Jack’s Last Retrieve

By Beacon Staff

My old bird dog Jack died the other day. It wasn’t a surprise as he had battled health issues for years. The last six months had been especially tough; complications after major surgery in the spring never really healed.

The hardest thing about dogs, of course, is losing them. The time they are with us is too short. The arc of their life marks portions of our own.

Jack came to us when my now college-age daughters were children. For the twins, he was our family dog. He was there through the good times, and later, when my marriage went south, he was with me as I ventured into the life of a single parent. That dog followed me through a lot, including three interstate moves.

There’s much to remember, more than I can fit in a newspaper column. Here are a few of the highlights:

  • There was the evening I first brought him home. He was always carsick as a puppy and was a wretched mess when I dropped him on the doorstep, rang the bell, and stepped back into the shadows so the twins could find him alone in the porch light. Two 8-year-old girls. I’m sure you can imagine the cries of sympathy that greeted my shivering pup.
  • When he grew older and more adventurous, there was the sight of him running off into the woods on his own. To teach him this wasn’t such a great idea, the girls and I would hide and watch him frantically search for his lost pack when he realized he was alone. The twins always felt sorry for him and gave us up.
  • Jack also had an odd habit of walking around as he pooped. Once Bill and I watched him, all hunched over droppin’ a deuce, while he at the same time walked across a cattle guard. He never missed a step.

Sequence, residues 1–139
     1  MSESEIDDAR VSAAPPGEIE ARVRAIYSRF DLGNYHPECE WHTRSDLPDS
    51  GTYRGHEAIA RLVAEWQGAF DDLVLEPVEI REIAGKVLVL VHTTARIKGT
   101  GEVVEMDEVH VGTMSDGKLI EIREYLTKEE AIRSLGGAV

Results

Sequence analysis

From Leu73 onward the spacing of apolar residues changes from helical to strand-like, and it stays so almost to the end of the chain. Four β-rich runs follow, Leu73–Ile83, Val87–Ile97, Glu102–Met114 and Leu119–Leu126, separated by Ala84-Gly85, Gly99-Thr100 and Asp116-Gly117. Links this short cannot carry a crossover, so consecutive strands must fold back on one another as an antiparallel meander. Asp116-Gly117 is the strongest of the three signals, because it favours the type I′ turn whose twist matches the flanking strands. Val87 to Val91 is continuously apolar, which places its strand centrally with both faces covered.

Of course there were birds. Lots of them. That dog was hell on birds. If I was even a halfway decent shot, the two of us could have ended the war on hunger all by ourselves.

And then there was this. In his final days, as I discussed with my vet arrangements for keeping him comfortable, my mind raced through a list of our favorite hunting spots: Parker Canyon on the Arizona/Mexico border; the Verde Valley near Sedona; the Curlew National Grassland in Idaho; the Sweet Grass Hills.

Then I thought of the hillside across the street from the home in Pocatello where we once lived.

That hillside held coveys of Huns. We discovered those birds at a critical time for Jack. He was just 2 years old and the jury was still out on whether he would become a solid bird dog. But practicing on that hillside, Jack showed me he was a serious bird dog and I learned to trust him.

As I sat there thinking about the places I would next visit without him, I remembered that hillside and those birds, and one other detail. We weren’t together the first time I found Huns there. That evening I’d left Jack back at the house and was on a walk with my now ex wife. A covey of maybe eight or 10 birds erupted out of the sagebrush. After the initial shock I followed the flight of the birds, marking where they landed. I turned to her and requested permission to abandon our walk so I could rush home to get Jack for a little practice on wild birds.

She looked at me and with a laugh said, “When those birds flew off I thought you were gonna go on point. Sure, go get him. We’re almost home anyway.”

There’s been quite a bit of life since that evening on that hillside in Pocatello. We’re at a place now where we may never be able to hold even a politely civil conversation again. But when most of what was good has been obliterated by the intervening years, it’s nice to be reminded there once was a time when we could still be kind to one another.

Thanks old boy. For that, and so much else. I’ll never be able to repay you.

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